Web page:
Another cool, brisk Tuesday morning I was up before the birds, again.  I loved hearing other sounds: the base-fiddle frogs; coyote yelps and screams; towels flapping against new wood railings; the cacophony of clucking geese and screeching herons; and then, song-bird whistles on the Temple deck.  It turns out that this was the one early morning Tuesday not to be missed.  I heard men’s voices coming down the path behind me, just as I settled in with my coffee on the deck, journal in hand and gazing across the pond at first light.  It was much too early for the residents, my neighbors in the other cabins, to be up and about, but sure ‘nuff, here come P. and R. running to the outdoor showers due East of my spot.  They waved a happy greeting!

Next moment under the halo of spray silhouetted against the rising sun I was treated to the priapic poses of each man photographing the other, in turn, from high up on the deck, looking down into the luminous cloud.  Both P. and R. have identical builds, very tall and lean, swimmers’ bodies from daily yoga practice.  “It is magic!” I thought to myself and waved again.  They were joyful, loving and playful with that camera.  Their laughter like pearls on a string sung to me: “unforgettable. That’s what you are…!”  I thought of Mike’s phrase.  “…Easton is like a toddler, running all over the place.”  They seemed not at all to be bothered by an unexpected observer.

Both P., an accomplished painter and photographer and currently the artist-in-residence, and R., a former resident at Easton, are Yoga masters, men who settle in to the practice daily in the lodge.  During R.’s visit I observed him several days in his pose in the great room of the lodge, centered in himself and solitary in the cavernous room.  I admired his concentration, his physical strength to maintain positions I’ve never even dreamed about and I loved the bulge in his gym shorts.  R. befriended me with conversation and warm hugs many times a day, and the night before at dinner we talked about the privilege of having attended the Lakota Sioux sacred Sun Dance in South Dakota at different times, as one of only a few whites among 5,000 American Indians.  It felt like something special we had shared.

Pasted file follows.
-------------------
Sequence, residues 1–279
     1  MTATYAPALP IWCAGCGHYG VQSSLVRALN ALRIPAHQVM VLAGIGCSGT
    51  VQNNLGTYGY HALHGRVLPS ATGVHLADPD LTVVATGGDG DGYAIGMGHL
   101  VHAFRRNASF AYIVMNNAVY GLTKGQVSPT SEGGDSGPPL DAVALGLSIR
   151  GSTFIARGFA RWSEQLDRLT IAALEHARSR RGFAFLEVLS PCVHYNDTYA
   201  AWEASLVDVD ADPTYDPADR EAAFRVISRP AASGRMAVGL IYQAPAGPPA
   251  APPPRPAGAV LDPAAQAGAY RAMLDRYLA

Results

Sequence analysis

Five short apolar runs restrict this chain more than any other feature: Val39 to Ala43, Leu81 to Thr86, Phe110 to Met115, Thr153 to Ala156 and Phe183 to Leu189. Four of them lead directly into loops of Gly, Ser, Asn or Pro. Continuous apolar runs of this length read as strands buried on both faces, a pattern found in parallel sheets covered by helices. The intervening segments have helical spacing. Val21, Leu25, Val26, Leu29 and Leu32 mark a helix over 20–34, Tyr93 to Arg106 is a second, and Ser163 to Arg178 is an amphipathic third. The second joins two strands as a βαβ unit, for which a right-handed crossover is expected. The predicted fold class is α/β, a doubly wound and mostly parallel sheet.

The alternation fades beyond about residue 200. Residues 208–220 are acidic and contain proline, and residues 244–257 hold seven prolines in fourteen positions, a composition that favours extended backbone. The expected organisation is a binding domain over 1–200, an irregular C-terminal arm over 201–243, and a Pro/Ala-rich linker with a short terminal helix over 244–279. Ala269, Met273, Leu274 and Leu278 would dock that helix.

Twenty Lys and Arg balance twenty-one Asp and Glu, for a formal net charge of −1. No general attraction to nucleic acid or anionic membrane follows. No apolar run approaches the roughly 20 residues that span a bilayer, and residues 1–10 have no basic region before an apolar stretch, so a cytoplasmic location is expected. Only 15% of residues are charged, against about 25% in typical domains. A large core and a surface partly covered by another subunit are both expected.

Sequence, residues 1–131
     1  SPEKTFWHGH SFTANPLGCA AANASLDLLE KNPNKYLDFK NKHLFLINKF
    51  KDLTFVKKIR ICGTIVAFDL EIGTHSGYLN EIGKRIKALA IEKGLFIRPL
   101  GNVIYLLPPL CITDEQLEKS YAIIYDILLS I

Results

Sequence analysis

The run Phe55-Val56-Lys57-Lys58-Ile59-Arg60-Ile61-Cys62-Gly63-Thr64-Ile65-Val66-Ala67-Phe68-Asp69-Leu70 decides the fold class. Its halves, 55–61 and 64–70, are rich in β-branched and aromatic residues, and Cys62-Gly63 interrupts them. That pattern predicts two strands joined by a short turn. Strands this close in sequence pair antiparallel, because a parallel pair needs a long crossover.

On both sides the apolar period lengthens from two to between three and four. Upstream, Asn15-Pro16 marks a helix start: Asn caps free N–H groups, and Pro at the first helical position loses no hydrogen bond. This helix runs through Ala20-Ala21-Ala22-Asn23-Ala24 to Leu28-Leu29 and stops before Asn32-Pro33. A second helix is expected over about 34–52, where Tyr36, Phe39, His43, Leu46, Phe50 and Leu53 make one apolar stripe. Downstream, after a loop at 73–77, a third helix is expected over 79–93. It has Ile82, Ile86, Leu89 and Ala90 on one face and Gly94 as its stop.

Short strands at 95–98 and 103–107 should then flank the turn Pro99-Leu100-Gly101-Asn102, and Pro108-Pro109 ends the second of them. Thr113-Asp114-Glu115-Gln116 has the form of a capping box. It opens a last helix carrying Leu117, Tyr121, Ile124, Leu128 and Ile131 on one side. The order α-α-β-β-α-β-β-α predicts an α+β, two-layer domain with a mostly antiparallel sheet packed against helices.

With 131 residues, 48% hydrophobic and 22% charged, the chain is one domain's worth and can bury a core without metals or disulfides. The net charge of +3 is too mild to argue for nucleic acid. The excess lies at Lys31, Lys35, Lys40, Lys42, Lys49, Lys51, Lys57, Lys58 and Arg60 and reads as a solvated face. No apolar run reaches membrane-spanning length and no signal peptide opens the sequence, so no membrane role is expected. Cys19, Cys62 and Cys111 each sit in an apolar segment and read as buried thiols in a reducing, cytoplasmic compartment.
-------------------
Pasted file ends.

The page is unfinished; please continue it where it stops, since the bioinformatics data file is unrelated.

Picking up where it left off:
I had earlier spotted a gorgeous photo of him on some California beach in the same warrior pose as under this morning’s shower.  He looked more muscular, a little younger in that one which hangs over P.’s desk downstairs.  I had wondered WHO was that attractive friend of P’s each time I had looked up from the guest computer.  Now, his good-bye hugs were all the hope and promise of flesh and blood feelings that I sensed he reciprocated.  How I hated to see him leave later that morning to catch a plane back to the West Coast.

What does living close to nature really do?  After a month here I begin to hear and observe more closely.  I am able to focus, be fully present in the moment to the benefit and blessings of the natural beauty surrounding me at every turn of my head.  I watch Mr. and Mrs. Canada Geese and five furry goslings swimming across the pond to the shelter of the Temple shore.  Dragonflies land on my foot, face and shoulder and linger to be admired for bejeweled colors of violet and green, iridescent in the sunlight.  Baby rabbits bound across my path unafraid, and another naked man, C., stands raking the volley ball “field”.  Muffin and Reilly, the resident pooches, chase rabbits and squirrels and brown nose me for kisses and hugs and tummy rubs.  How can such fatties run so fast, I ask myself?   Songbirds swing on the heavy cattails ringing the pond, whistling arpeggios.  This cacophony of symphony drowns out the rumble of a jet heading out of Albany.

(Copyright 2007 Frank Crowley) Our thanks to Frank for letting us use this essay, which he wrote in 2006, while staying here as a long-term volunteer.  If you are interested in the kind of volunteer experience Frank had, check out the volunteer page on our website.

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